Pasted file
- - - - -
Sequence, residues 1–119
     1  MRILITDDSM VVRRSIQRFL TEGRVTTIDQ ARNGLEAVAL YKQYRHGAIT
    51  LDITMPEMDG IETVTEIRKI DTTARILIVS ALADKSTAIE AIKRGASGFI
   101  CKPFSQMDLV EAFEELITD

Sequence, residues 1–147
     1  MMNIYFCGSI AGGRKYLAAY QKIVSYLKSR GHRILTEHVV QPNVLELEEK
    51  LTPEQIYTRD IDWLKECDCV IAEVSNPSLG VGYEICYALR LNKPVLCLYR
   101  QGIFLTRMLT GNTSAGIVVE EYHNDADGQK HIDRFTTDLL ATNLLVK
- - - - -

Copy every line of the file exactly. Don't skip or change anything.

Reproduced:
Sequence, residues 1–119
     1  MRILITDDSM VVRRSIQRFL TEGRVTTIDQ ARNGLEAVAL YKQYRHGAIT
    51  LDITMPEMDG IETVTEIRKI DTTARILIVS ALADKSTAIE AIKRGASGFI
   101  CKPFSQMDLV EAFEELITD

Sequence, residues 1–147
     1  MMNIYFCGSI AGGRKYLAAY QKIVSYLKSR GHRILTEHVV QPNVLELEEK
    51  LTPEQIYTRD IDWLKECDCV IAEVSNPSLG VGYEICYALR LNKPVLCLYR
   101  QGIFLTRMLT GNTSAGIVVE EYHNDADGQK HIDRFTTDLL ATNLLVK